God expects us to work

By 
  • March 11, 2007
Fourth Sunday of Lent (Year C), March 18 (Jos 5:9a, 10-12/2 Cor 5:17-21, Lk 15:1-3, 11-32)

The manna from heaven and the fruit of the Promised Land are both testimonies to God’s loving kindness and provident care. But they also testify to something else: human doubt and unbelief.
It has been a long, hard haul: 40 years, a real tug-of-war between God’s graciousness and human doubt and ingratitude. The people whined about the harshness of the desert and the lack of food and water, despite God’s powerful miracles and promises of protection. God sent them manna — just enough for each day.

When they came to the Promised Land the first time, Moses sent in spies who brought back samples of the wonderful abundant fruit of the land. But they also brought back fear: an extra 40 years in the wilderness was the consequence. Now the moment is at hand; they enter the Promised Land and finally receive its bounty. The manna ceases, as does that stage of their journey.

Although God will still be with them, they will have to depend more on themselves. But more than that, they will have to leave the past behind. They can and should always remember what God did for them, but they cannot cling to a certain period in their journey and to a particular experience of God. God has new experiences in store for them.

Most spiritual traditions insist that we not cling or be attached to things. It is the same principle when we speak of people, places and experiences. Life flows on; we change, the world changes, and our experience of God (should) change. Manna was great, but now the work begins.

Paul alludes to this principle when he proclaims that anyone who is in Christ is a new creation. Taking the Christian message seriously means more than giving up sin (and we don’t do a terrific job of that!). “New” applies to our experience of God, our consciousness, our values and our way of life. Much of the tension in early Christianity occurred when people who had embraced the Christian message were unable and/or unwilling to let go of old attitudes, ideas, opinions, and ways of life.

This tension is still with us in various forms. The demands of history and the signs of the times draw us to new ways of thinking and living, while habit, tradition and fear work to keep us imprisoned in the well-worn ways of the past. Being an ambassador of Christ is a lofty calling indeed, but representing Jesus requires putting on the mind of Christ, which is something guaranteed to put one at odds with the world and at times with one’s own community.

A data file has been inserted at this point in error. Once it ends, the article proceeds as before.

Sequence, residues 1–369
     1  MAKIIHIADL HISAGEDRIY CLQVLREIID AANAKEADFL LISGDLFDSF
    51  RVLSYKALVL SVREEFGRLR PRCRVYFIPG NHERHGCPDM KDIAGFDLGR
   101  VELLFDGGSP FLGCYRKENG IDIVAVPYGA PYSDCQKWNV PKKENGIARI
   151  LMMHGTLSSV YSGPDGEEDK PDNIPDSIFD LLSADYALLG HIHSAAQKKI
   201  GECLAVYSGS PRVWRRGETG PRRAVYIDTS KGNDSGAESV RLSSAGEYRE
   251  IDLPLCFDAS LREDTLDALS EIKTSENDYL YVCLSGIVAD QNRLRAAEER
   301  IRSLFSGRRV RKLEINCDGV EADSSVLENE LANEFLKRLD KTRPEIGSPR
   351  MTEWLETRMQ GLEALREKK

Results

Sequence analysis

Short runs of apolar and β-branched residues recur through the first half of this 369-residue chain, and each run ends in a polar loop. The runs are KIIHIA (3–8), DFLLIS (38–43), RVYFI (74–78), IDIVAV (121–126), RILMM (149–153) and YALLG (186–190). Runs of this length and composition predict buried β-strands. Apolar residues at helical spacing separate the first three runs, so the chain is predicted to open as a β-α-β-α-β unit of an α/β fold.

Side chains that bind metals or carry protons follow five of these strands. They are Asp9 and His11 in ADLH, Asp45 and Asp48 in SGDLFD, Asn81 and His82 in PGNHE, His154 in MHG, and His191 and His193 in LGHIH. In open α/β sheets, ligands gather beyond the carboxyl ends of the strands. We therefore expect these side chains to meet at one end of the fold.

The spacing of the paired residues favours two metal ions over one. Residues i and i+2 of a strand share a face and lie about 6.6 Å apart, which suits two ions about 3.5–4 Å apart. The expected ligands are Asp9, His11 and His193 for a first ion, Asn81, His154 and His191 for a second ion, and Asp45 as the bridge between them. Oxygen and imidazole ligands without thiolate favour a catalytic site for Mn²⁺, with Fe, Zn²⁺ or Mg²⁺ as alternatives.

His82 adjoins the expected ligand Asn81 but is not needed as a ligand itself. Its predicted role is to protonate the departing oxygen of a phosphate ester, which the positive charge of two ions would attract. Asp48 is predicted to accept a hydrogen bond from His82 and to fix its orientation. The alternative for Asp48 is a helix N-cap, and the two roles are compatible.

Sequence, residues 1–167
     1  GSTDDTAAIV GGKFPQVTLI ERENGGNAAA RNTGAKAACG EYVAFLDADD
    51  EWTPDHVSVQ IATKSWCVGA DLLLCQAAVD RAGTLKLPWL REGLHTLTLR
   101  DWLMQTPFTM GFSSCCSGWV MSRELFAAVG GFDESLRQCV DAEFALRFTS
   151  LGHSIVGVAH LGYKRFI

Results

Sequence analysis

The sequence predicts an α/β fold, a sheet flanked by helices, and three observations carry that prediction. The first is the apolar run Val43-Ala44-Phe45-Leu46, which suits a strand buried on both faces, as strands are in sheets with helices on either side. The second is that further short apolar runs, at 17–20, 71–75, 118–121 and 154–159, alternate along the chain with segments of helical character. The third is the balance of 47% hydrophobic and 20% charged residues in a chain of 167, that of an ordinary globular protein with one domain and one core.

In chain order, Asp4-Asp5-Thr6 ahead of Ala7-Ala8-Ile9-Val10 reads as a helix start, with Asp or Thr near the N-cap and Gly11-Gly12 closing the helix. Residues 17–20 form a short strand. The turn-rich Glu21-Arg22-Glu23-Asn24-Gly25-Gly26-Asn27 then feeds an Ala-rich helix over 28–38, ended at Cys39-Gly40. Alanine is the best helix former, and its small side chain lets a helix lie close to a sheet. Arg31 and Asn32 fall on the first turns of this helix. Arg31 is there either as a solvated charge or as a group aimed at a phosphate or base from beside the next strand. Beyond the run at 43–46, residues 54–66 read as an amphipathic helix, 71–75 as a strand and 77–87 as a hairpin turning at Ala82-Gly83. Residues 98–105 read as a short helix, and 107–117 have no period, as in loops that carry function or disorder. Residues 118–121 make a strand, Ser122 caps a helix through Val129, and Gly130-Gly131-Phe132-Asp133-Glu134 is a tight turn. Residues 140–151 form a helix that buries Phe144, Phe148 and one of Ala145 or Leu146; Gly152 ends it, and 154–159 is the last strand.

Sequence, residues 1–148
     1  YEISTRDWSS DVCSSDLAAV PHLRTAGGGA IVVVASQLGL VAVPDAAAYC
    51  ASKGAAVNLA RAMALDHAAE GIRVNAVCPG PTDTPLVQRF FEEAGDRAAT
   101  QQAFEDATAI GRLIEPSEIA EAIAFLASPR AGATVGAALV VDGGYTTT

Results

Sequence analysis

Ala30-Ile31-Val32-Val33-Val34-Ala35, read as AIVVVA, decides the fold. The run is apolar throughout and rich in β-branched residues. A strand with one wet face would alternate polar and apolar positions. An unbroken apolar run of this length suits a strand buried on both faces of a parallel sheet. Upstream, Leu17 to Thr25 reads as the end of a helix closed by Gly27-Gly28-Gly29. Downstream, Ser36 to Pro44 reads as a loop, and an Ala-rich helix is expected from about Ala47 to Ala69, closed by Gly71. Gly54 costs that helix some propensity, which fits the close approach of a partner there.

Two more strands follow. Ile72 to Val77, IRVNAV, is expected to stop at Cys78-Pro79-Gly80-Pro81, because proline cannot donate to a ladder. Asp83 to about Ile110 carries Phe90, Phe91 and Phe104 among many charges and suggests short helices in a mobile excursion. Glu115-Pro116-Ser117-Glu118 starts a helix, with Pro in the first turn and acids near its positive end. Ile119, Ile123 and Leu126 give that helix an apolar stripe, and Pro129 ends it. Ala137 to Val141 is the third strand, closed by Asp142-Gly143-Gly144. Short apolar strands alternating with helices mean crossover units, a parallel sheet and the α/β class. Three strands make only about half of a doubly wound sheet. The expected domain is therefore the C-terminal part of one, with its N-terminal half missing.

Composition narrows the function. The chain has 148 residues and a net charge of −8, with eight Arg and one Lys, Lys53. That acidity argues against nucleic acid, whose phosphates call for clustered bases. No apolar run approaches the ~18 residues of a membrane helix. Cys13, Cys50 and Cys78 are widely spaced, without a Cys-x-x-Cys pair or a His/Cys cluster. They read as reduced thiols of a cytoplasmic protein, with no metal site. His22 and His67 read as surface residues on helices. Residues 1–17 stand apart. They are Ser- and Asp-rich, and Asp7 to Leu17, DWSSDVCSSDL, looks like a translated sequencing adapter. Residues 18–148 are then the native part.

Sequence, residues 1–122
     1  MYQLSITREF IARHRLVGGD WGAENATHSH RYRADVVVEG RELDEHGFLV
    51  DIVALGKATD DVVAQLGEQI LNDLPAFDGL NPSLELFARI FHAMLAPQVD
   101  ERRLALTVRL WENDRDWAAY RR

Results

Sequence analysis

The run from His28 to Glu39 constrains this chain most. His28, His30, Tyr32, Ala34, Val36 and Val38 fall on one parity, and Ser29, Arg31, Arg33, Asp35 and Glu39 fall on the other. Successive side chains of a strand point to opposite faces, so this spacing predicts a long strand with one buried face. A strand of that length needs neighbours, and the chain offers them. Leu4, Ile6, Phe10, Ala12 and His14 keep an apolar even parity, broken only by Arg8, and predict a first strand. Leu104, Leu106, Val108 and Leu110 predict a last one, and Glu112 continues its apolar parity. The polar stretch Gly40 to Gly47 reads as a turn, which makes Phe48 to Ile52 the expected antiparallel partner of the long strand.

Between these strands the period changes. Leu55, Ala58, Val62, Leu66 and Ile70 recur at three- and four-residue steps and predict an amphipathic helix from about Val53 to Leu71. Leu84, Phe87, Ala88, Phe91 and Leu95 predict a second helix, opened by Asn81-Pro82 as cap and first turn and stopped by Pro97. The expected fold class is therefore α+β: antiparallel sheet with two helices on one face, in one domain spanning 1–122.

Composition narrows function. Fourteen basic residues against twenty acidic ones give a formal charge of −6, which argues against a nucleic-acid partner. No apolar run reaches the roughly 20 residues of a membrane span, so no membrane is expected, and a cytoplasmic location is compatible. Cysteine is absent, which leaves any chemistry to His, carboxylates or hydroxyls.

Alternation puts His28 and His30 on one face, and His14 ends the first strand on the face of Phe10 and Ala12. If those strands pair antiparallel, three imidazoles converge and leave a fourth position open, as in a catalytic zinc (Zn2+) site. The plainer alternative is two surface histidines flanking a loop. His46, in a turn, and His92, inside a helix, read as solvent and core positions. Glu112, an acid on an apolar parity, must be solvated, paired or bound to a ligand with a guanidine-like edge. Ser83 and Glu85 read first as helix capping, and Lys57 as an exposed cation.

Some very proper and upright religious types — and they are plentiful in every religion and in every age — are offended that Jesus goes out of His way to extend a compassionate and merciful hand to those branded as sinners and losers. The indignant ones feel that they have somehow been cheated. The all-too-human desire for someone to look down on rears its head.

Jesus replies with two short parables and the story that we have all heard so often. They all insist that we cannot be complete and happy as long as some are excluded. Humanity is only complete when all are reconciled and healed. Regardless of what they have done or how far they have wandered, their return is a cause of rejoicing in heaven in which we should take part.

In the story of the Prodigal Son, God has been with the younger son every step of his journey, even providing him with experiences to help him remember who he is and where his home is. When he returns, the father runs to meet him where he is and brushes aside his apologies and self-condemnation. It is a completed life lesson, and rejoicing is the only acceptable response.

The older son, who represents so many, feels cheated. He feels that his correctness and fidelity have been wasted. But that is a response governed by fear and calculation. There are more than enough of God’s blessings for everyone. What is required of us is generosity of heart, not stinginess. 

Grace, salvation, blessings and the experience of God are not ours to give or withhold. They are only ours to share and rejoice in.

Comments (0)

There are no comments posted here yet

Leave your comments

  1. Posting comment as a guest. Sign up or login to your account.
Attachments (0 / 3)
Share Your Location
Type the text presented in the image below